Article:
Eggplant producers should consider decreasing their current irrigation usage, according to University of Georgia research horticulturist Juan Carlos Díaz-Pérez. Doing so saves water and money. On the UGA campus in Tifton, Georgia, Díaz-Pérez is researching how farmers can use water more efficiently. “We have relatively plenty of water in Georgia, but we still need to be careful that we use those water resources appropriately. We don’t want to waste them,” he said. Díaz-Pérez has conducted irrigation-based studies with other vegetables, like watermelon and bell pepper. He found similar results in those crops: Water usage can be decreased without hurting the crop’s potential yields.“Certainly, applying more than what’s perceived to be optimal is not necessary. The studies show that we can apply less, up to 30 percent less than crop evapotranspiration, and plants are still able to satisfactorily produce,” he said.Reducing water usage can also improve the plant’s use of essential nutrients in the soil, such as nitrogen. If too much water is applied, farmers risk leeching out the nitrogen already in the soil.“Nitrogen (nitrate) is very soluble in water. You want your irrigation moisture to stay in the root zone. If you apply too much water, the moisture will not be held by the soil. Moisture is going to move downward, and as it moves downward, it’s going to bring the nitrates down deeper into the soil level, which could also present an environmental issue,” Díaz-Pérez said.While cautioning growers against applying too much water, he still insists eggplants require an adequate amount of moisture to produce substantial yields. UGA Cooperative Extension vegetable horticulturist Tim Coolong estimates that eggplants require between 1 and 1.5 inches of moisture per week on average.“Eggplants and other vegetable plants can survive with little irrigation water. In our conditions, however, rainfall distribution during the year is irregular; thus, if you don’t provide sufficient moisture to satisfy the crop water requirements, the quality and the yield will go down,” Díaz-Pérez said. The amount of water needed by some crops is very high, sometimes as high as 95 percent, as in watermelon, he said. High water concentrations in the produce mean that farmers need to supply the crop with a lot of water. “If you don’t have sufficient water, plants immediately show a response with reduced yields and quality,” he said.Though smaller in scale compared to other vegetable crops like tomato and bell pepper, eggplants still generate a lot of interest among Georgia producers every year. According to the UGA Center for Agribusiness and Economic Development, the 2014 Georgia eggplant crop was worth $30.2 million.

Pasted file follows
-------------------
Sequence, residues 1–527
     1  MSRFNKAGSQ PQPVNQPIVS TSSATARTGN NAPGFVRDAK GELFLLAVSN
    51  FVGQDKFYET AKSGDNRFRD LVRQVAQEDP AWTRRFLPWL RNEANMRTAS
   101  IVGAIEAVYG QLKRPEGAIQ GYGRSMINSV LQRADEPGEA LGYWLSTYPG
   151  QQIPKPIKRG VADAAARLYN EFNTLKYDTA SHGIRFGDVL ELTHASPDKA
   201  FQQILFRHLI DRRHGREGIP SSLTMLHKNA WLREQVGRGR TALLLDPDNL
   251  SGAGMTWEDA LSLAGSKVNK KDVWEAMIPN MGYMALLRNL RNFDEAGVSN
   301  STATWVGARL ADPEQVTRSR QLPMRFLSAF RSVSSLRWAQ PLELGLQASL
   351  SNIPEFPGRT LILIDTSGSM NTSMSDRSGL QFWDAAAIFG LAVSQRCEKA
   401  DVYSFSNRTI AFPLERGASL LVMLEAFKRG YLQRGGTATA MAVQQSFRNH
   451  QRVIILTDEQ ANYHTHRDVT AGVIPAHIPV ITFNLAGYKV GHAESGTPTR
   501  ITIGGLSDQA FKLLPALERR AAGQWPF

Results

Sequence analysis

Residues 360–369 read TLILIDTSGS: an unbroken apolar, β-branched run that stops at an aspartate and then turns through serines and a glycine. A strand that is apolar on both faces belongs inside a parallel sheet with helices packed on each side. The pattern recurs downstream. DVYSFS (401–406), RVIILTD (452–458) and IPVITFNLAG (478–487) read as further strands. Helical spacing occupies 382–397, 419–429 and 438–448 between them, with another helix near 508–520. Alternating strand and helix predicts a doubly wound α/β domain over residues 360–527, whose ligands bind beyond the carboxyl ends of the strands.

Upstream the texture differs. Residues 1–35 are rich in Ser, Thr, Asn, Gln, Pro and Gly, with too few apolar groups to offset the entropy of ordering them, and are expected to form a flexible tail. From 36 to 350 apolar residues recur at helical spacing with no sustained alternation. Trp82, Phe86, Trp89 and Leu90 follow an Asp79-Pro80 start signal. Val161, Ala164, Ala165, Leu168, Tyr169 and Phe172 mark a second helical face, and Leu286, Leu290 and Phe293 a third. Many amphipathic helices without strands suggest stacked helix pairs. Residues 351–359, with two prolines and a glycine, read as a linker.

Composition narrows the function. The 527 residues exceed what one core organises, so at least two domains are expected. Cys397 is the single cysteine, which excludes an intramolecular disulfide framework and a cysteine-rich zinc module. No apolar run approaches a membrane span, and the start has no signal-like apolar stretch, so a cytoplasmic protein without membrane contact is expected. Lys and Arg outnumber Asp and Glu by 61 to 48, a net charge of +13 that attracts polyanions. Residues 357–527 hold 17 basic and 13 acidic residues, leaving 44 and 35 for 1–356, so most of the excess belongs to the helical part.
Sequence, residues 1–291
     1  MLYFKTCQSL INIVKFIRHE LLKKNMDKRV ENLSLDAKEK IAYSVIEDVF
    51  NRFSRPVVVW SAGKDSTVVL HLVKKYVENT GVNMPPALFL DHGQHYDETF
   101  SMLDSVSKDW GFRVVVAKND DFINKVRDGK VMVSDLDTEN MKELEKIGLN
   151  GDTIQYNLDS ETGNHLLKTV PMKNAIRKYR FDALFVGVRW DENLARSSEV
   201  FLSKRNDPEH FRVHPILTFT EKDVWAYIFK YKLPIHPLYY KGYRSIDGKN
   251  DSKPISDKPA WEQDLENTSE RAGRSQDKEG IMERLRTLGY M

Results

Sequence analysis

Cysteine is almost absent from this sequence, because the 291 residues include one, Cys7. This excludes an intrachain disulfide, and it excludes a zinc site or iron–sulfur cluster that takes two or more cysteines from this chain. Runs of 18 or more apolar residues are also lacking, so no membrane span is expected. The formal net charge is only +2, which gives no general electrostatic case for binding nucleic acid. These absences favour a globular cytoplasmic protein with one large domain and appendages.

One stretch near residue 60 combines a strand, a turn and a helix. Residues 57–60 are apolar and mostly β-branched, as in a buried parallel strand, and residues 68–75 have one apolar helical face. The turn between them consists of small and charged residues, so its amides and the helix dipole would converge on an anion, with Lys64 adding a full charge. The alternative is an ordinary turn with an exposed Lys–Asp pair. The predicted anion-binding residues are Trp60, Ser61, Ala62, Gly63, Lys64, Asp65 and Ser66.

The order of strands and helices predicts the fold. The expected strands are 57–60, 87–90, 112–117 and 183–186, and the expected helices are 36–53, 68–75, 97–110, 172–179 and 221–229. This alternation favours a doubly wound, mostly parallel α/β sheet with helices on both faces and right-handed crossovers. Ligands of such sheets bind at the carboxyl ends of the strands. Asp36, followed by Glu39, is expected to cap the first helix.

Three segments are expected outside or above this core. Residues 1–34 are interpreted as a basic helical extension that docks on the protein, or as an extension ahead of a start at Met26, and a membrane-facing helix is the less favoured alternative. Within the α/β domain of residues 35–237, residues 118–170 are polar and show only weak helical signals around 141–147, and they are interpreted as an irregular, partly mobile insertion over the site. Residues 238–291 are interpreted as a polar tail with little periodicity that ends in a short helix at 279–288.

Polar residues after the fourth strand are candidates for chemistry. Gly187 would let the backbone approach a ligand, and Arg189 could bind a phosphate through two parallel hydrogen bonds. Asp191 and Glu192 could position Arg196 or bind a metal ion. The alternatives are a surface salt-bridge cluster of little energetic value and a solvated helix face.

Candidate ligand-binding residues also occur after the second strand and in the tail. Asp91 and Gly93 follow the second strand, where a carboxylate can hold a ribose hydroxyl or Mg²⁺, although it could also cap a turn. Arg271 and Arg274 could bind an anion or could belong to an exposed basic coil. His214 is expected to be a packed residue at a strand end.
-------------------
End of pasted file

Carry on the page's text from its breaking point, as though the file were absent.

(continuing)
He said a particular challenge would be to reduce the “current lengthy” decision-making process for new investments.Limbach said PGGM’s fiduciary service would not be available as a standalone product, but would be part of the asset manager’s overall package, in alignment with its goal of playing a “prominent role in the consolidation occurring within the Dutch pensions sector”.He added that PGGM would increase its seven-strong fiduciary team to 10 next year.To make the service more visible, it was given the name Fiduciary Advice at the start of this year.Limbach said PGGM had no plans to offer its fiduciary services abroad.The asset manager has been providing fiduciary services since it became independent from its largest client, the €149bn healthcare scheme PFZW, in 2008.Since then, the service has been developed gradually within its overall service package for all clients.These also include the pension funds for general practitioners (SPH), painters and decorators (Schilders), architects and security, as well as the company scheme of Smurfit Kappa, the packaging material manufacturer. PGGM, the €167bn asset manager and pensions provider, has ramped up its fiduciary services for existing and new clients, according to Chris Limbach, head of the fiduciary advice team.Limbach said the company had shifted its fiduciary offering from a “one-step solution to a process comprising several stages”, with the view to giving clients more control over the implementation of their investment policies.He said PGGM aimed to improve the quality of its decision-making processes in light of the growing regulatory burden on its existing six clients. PGGM’s fiduciary approach now addresses the elements of an asset-liability management study (ALM) separately, matching asset classes with a scheme’s specific requirements and mandates, in addition to monitoring and evaluating asset managers, Limbach said.